AuthorKumar Yadav, Susheel
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PublisherThe University of Arizona.
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AbstractLarge civil infrastructure systems all over the world have become an integral part of our civilization. The inspection and maintenance of these structures for public safety is a difficult task. The assessment of integrity of such huge structures due to local damages is even more difficult to deal with. The conventional inspections are performed manually, generally by visual examination and sometimes by more advanced techniques like ultrasonic, electromagnetic and fiber optic techniques. These inspections involve human interventions, depend on individual inspector's experience, and are time consuming. Such inspection methods may not be very useful for real time health assessment of a structure in service and as a result are not very helpful in preventing any disastrous situation through early warning. Therefore, it is very important to look for a comprehensive strategy of global integrity monitoring infused with information about local damages in the structure. For local damage assessment the current state of the health monitoring technology lacks a generalized and definitive approach to the identification and localization of damage. In past decades several signal processing tools have been used for solving different health monitoring problems but the commutability of the tools between different problems has been restricted. Fundamental reasons for this shortcoming have never been investigated in detail. In this dissertation an investigation has been carried out employing almost all promising feature extraction tools on a representative problem - a plate with rivet holes. The problem considered has radial cracks around rivet holes in a joint panel of a steel truss bridge. Such defects are very difficult to detect. Although well established, Lamb wave based nondestructive evaluation techniques are revisited and new tools are developed to address this issue. Simulation of the scattered ultrasonic wave field is carried out using the finite element method. This ultrasonic wave field is further analyzed to evaluate the integrity of the structure using various feature extraction (FE) techniques. Joint time-frequency-energy representation is obtained from ultrasonic signals recorded at various locations on the plate (joint panel) and used to extract damage sensitive features. Those features were then used to formulate a new Damage Parameter (DP) for better visualization of the crack. Results are shown to demonstrate the comparative effectiveness of these techniques. It is concluded that any particular FE technique cannot detect all possible sizes and orientations of the crack. It is suggested that the statistical occurrence and pattern of the crack must be visualized through a few selective FE techniques in a sequence. Modeling of the wave scattering phenomenon by conventional numerical techniques such as finite element method requires very fine mesh at high frequencies necessitating heavy computational power. Distributed point source method (DPSM) which is a recently developed semi-analytical technique, is applied to model the scattering of ultrasonic wave field on representative problem geometries and the results are used to diagnose structural damages. DPSM is a newly developed robust mesh-free technique for simulating ultrasonic, electrostatic and electromagnetic field problems. In most of the previous studies the DPSM technique has been applied to model two dimensional surface geometries and relatively simple three dimensional scatterer geometries. It has been very difficult to perform the wave scattering analysis for very complex three-dimensional geometries. This technique has been extended to model wave scattering in an arbitrary geometry. The simulation has been carried out with and without the presence of cracks near the rivet holes.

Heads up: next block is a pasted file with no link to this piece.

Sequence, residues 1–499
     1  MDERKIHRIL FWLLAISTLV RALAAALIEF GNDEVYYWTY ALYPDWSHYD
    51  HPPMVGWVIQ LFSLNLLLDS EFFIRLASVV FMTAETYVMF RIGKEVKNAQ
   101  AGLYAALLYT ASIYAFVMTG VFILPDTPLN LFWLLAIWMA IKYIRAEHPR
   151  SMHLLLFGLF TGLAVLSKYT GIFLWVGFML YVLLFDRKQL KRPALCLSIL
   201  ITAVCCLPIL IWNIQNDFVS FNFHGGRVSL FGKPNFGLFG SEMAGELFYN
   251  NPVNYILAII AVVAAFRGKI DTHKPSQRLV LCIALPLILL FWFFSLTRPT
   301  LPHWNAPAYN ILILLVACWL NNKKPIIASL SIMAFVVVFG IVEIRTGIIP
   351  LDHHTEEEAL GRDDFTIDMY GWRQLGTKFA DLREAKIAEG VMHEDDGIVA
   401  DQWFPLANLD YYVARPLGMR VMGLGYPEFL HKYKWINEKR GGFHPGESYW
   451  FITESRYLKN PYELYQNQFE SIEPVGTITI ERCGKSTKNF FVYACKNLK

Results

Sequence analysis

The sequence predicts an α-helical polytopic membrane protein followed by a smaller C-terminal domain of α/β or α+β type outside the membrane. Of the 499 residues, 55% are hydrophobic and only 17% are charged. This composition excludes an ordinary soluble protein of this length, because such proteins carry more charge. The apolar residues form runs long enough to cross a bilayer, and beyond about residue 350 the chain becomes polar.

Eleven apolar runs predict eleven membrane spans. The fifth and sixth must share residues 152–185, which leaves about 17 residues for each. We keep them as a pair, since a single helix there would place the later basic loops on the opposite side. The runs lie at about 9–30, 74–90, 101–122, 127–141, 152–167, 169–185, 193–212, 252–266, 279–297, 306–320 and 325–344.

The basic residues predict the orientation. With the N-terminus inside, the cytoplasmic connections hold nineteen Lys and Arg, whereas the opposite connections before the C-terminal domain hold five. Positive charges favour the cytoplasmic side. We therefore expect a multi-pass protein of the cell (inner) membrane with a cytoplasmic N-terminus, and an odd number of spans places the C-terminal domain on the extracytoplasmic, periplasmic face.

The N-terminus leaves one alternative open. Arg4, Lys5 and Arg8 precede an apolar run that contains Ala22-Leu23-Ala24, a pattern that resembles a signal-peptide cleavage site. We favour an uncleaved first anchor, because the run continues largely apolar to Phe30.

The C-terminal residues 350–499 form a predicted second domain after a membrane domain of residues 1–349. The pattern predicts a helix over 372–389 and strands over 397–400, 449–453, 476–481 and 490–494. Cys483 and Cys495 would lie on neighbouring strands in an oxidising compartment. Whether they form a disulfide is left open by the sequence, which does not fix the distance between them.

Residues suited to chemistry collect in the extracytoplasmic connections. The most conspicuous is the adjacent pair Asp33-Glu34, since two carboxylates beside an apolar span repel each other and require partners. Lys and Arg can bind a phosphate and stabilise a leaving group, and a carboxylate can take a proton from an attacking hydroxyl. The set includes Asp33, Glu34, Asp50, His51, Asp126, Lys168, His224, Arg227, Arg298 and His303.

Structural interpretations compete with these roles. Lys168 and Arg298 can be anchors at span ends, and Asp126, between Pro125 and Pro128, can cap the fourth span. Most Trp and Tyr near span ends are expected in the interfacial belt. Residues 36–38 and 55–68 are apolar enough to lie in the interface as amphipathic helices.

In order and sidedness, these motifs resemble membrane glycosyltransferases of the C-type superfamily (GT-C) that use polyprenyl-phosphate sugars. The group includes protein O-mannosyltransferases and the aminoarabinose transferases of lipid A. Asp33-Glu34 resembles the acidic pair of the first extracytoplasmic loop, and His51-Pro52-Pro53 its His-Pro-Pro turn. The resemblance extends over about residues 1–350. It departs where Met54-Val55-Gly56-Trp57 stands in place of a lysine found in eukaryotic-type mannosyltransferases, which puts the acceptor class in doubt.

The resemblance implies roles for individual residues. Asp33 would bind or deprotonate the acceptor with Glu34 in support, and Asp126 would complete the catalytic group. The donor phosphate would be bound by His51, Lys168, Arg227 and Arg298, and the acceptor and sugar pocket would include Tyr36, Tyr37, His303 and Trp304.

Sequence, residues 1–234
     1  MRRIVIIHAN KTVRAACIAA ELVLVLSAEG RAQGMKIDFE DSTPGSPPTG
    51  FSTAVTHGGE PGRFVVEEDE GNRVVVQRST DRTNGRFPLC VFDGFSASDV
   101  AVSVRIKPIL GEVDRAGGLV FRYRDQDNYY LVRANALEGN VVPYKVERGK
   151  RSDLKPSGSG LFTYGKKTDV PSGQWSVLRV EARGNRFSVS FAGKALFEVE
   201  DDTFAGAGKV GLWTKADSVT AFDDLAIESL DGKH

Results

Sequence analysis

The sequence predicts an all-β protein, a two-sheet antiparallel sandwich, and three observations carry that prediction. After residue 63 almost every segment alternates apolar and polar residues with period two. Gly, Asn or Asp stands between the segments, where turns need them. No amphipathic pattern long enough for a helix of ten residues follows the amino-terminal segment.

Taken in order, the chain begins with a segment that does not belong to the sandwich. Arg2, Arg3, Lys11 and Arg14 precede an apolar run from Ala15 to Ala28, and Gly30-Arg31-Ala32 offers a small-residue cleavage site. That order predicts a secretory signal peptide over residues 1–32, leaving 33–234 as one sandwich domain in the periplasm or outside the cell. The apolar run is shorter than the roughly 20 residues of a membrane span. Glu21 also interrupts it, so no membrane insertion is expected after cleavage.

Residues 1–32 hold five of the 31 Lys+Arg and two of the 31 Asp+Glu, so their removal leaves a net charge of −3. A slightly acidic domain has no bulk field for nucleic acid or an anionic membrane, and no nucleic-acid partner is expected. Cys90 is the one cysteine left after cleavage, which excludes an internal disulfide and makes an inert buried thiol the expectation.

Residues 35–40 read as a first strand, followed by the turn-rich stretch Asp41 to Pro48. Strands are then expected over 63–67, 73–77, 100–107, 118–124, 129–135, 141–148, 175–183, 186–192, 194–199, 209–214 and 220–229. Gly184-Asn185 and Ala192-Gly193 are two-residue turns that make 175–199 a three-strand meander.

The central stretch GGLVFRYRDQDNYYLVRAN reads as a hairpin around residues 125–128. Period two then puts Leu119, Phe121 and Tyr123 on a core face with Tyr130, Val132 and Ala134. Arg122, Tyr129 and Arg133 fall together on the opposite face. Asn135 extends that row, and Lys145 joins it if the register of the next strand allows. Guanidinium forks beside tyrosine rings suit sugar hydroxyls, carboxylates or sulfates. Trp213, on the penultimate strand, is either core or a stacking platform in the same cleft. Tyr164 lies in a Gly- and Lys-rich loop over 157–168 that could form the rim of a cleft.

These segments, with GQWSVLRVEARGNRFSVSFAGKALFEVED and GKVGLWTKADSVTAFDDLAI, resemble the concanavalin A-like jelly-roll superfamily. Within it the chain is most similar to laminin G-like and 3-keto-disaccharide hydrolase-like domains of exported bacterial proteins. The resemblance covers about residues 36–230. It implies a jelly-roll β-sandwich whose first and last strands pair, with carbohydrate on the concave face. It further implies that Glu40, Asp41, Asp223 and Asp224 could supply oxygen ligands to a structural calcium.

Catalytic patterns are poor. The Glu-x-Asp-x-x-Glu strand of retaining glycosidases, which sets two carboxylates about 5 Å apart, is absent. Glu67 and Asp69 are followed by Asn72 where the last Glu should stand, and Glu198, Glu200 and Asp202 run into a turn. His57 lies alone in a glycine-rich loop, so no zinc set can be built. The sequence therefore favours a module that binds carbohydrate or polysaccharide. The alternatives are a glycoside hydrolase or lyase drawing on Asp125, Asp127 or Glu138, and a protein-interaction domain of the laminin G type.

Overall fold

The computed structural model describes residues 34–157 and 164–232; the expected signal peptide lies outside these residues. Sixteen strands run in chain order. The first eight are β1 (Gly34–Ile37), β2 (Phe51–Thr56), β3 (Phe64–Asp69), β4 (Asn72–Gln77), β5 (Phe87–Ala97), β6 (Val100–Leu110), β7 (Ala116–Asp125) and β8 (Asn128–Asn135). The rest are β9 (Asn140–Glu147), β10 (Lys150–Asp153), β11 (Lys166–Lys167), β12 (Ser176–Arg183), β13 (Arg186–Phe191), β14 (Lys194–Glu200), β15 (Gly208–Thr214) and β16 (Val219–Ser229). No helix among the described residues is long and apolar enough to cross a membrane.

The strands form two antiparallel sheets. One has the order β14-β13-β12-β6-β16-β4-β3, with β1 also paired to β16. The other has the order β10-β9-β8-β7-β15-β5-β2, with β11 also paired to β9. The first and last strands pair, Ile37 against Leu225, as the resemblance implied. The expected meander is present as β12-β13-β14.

Degree ProgramGraduate College